‘My dear Edith,’ said the other, ‘I cannot help it. I never can remember those frightful names—without having your whole Soul and Being inspired by the sight of Nature; by the perfume,’ said Mrs Skewton, rustling a handkerchief that was faint and sickly with essences, ‘of her artless breath, you creature!’
The discrepancy between Mrs Skewton’s fresh enthusiasm of words, and forlornly faded manner, was hardly less observable than that between her age, which was about seventy, and her dress, which would have been youthful for twenty-seven. Her attitude in the wheeled chair (which she never varied) was one in which she had been taken in a barouche, some fifty years before, by a then fashionable artist who had appended to his published sketch the name of Cleopatra: in consequence of a discovery made by the critics of the time, that it bore an exact resemblance to that Princess as she reclined on board her galley. Mrs Skewton was a beauty then, and bucks threw wine-glasses over their heads by dozens in her honour. The beauty and the barouche had both passed away, but she still preserved the attitude, and for this reason expressly, maintained the wheeled chair and the butting page: there being nothing whatever, except the attitude, to prevent her from walking.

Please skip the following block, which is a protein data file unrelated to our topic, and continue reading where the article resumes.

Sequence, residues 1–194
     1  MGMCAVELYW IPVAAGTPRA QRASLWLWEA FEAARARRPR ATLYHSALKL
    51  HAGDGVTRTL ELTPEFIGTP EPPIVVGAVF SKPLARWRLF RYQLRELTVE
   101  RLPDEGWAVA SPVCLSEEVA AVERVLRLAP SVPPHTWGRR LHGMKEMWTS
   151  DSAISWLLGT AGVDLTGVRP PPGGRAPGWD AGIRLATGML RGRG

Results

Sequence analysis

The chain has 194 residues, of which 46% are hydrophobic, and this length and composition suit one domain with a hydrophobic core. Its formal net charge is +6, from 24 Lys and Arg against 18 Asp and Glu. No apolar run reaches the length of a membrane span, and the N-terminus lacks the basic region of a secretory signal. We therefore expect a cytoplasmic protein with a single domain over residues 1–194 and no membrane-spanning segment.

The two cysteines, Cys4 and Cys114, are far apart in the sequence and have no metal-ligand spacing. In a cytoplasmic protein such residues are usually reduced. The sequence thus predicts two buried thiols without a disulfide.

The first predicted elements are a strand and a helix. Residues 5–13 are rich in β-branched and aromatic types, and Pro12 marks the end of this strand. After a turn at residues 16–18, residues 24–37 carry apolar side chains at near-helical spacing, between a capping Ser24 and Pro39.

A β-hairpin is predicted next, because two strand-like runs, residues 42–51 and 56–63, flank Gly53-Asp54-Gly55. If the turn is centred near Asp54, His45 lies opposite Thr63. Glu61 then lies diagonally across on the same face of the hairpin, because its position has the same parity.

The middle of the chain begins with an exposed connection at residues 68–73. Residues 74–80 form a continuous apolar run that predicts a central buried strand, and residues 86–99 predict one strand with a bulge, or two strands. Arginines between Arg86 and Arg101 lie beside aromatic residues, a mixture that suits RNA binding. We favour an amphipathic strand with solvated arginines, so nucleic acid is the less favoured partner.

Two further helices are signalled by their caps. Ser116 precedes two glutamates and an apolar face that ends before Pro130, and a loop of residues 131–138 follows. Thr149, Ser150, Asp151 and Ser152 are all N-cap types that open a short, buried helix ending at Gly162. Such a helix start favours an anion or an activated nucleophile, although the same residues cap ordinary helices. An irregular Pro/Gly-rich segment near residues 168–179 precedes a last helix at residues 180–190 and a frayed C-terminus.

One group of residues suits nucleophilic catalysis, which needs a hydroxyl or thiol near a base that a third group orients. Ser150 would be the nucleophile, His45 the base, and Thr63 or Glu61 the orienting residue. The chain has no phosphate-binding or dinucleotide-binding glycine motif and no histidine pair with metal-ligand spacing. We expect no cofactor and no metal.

‘Mr Dombey is devoted to Nature, I trust?’ said Mrs Skewton, settling her diamond brooch. And by the way, she chiefly lived upon the reputation of some diamonds, and her family connexions.
‘My friend Dombey, Ma’am,’ returned the Major, ‘may be devoted to her in secret, but a man who is paramount in the greatest city in the universe—’
‘No one can be a stranger,’ said Mrs Skewton, ‘to Mr Dombey’s immense influence.’
As Mr Dombey acknowledged the compliment with a bend of his head, the younger lady glancing at him, met his eyes.
‘You reside here, Madam?’ said Mr Dombey, addressing her.
‘No, we have been to a great many places. To Harrogate and Scarborough, and into Devonshire. We have been visiting, and resting here and there. Mama likes change.’